In 2012 a poll taken by the University of Chicago’s Booth School of three dozen academic economists from eight prestigious universities revealed that they all despised the gold standard; they rejected it not so much for its track record but as a possible monetary system for current times. Professors from Chicago (8), Stanford (6), Yale (5), Harvard (5), Berkeley (5), MIT (4), Princeton (4), and Columbia (1) spoke with one voice and not a scintilla of intellectual diversity.
Surely then they must know something I don’t know, me being a serious scholar and proponent of the gold standard. Alas, it isn’t so. Their view is a product of their time, not of monetary science.
Had similar academics been polled a century ago they would have extolled the gold standard; they would have expressed deep regret at having just witnessed the political sabotage of the well-functioning, well-respected classical gold standard (1870-1913) during WWI (1914-1918); they would have warned against a resort to watered-down versions of the gold standard; they would have opposed arbitrary fiat-money regimes. How do I know this? Because I’ve read most of the books, articles, and speeches of the major monetary economists of that golden period.
Unlike foes of the gold standard today, the fans of it a century ago had facts and logic on their side; but also, nothing material has transpired since 1921 to make the case for a golden monetary system any less valid. Indeed, the current unanchored “system” of monetary nationalism, with its dozens of floating, sinking, and gyrating currencies both defies logic and deranges economies. This is what today’s “prestigious” foes of gold implicitly condone: the subjective, the arbitrary.
Today the case for a gold-based monetary system is dismissed out of hand, in parrot-like unison, as unprofessional, as mere quackery; a century ago, opposition to gold-based monetary systems likewise was ridiculed as the amateurish rants of cranks. A crucial phenomenon this reveals is that economics–at least “establishment” (i.e., conventional, acceptable) economics–is logically downstream from politics, just as politics (I would argue) is downstream from culture and morals. For good or ill, politicians and bureaucrats get the monetary system that they (and voters) want.
If the philosophy of a previously-free nation changes for the worse–i.e., toward authoritarianism–such that voters demand that government exert free rein in money and public finance, with unlimited scope for fiscal profligacy, any type of gold standard will have to relent. This traditional bulwark of monetary integrity and solidity will be countered, coopted, and crushed. The gold standard wasn’t suspended in 1933-34 because it caused the Great Depression or the wave of bank failures, nor did it disappear in 1971 because it somehow “didn’t work” anymore. It’s been gone since 1971 because fiscal alchemists in charge of profligate states couldn’t make it work like magic, meaning: they couldn’t expand the gold supply as much as they expanded government.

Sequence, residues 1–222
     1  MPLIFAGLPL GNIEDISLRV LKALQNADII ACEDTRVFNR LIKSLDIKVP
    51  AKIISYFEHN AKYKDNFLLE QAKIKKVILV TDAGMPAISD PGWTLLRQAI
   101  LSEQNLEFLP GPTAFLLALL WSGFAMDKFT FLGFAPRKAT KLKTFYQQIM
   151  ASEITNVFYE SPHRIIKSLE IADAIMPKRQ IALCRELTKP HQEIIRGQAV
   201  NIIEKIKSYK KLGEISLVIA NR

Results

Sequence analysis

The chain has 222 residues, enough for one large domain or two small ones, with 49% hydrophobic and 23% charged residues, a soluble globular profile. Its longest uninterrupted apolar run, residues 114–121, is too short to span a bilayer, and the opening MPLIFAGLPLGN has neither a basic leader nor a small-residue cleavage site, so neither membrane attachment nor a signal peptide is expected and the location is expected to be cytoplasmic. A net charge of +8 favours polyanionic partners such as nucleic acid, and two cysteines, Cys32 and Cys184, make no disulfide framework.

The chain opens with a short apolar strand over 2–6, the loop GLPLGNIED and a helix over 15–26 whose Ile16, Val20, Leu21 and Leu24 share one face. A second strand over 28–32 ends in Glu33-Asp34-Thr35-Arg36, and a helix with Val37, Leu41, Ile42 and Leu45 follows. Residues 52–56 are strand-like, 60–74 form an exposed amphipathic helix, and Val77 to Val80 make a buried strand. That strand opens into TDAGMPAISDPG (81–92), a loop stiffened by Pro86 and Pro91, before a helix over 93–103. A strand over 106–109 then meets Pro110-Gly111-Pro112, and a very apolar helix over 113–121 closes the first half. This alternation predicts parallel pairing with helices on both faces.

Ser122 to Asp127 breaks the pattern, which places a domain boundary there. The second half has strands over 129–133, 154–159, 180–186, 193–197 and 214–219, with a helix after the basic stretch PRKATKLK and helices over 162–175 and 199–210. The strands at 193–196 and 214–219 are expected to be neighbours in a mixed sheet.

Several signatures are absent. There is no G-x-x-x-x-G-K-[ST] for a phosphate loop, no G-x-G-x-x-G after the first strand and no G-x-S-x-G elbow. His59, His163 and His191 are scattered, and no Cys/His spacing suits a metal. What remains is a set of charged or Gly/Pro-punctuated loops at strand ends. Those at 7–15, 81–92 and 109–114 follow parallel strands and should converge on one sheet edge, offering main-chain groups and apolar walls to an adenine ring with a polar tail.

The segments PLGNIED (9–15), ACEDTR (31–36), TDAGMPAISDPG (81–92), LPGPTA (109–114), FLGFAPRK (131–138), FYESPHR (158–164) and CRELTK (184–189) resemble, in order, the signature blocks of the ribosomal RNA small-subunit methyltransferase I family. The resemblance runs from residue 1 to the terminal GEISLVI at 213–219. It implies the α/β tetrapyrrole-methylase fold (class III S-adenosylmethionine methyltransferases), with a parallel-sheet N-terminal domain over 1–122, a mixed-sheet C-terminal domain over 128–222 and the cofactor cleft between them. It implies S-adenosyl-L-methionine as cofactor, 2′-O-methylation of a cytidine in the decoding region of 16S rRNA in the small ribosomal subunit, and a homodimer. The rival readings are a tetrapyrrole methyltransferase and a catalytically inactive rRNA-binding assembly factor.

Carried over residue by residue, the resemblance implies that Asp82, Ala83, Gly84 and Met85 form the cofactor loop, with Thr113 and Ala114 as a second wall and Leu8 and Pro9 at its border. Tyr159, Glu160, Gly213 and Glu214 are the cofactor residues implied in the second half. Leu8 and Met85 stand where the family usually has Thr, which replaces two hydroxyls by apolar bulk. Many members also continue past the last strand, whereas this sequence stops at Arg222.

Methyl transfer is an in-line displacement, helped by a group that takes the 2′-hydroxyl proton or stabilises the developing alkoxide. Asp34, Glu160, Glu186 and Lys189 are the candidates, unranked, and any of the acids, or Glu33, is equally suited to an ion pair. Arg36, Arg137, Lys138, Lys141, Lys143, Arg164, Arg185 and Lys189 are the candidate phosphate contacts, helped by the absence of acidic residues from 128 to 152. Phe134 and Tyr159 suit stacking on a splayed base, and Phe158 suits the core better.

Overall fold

Fifty years without a gold-based monetary system is not only unprecedented in human history but unfriendly to economic prosperity. When President Nixon jettisoned the Bretton Woods gold-exchange standard on August 15, 1971, many folks thought it was a temporary measure; not coincidentally, it came with wage and price controls. But the balkanized, nationalistic non-system that followed 1971 has persisted. The terrible legacy of this fundamentally arbitrary system—one endorsed by Marxists, Keynesians, and Monetarists alike—is a sustained erosion of sound finance.
Most economists who examine the gold standard (a dwindling lot of us, to be sure) tend to focus most on its history or mechanics, regardless of the different forms the standard might take and apart from whether economists identify as fans or foes of gold-based money. By reference to such criteria as efficiency and practicality, it is well-established and well-proven that gold-based monetary systems have best facilitated price discovery, profit calculation, private planning, saving and investment, international trade, and—consequently—economic prosperity.
Importantly, efficient, practical success was most evident during the decades of the classical gold-coin standard (1870-1913), but less so when government hoarded and debased gold under the gold-bullion standard (1914-1948), and even less so under the gold-exchange standard (Bretton Woods, 1948-1971), when the U.S. dollar alone was directly redeemable in gold (for foreign central banks) then further debased. A close study of these distinct versions of the gold standard shows that they tracked closely the prevailing size, scope, and power of the U.S. government.
A minimalist, more constitutionally limited government prevailed under the classical gold-coin standard; it was four decades of free trade, no income tax, no central bank, no welfare state, and no major wars. Subsequent versions (1914-1948, 1948-1971) were accompanied by massive increases in the welfare-warfare state; gold money suffered amid wars, deep recessions and depressions, systemic bank failures, and mass unemployment. Disingenuous observers (and perpetrators) of these various catastrophes cleverly (and falsely) blamed the gold standard and capitalism, even as each was assaulted, in accord with the wishes of socialists and fascists.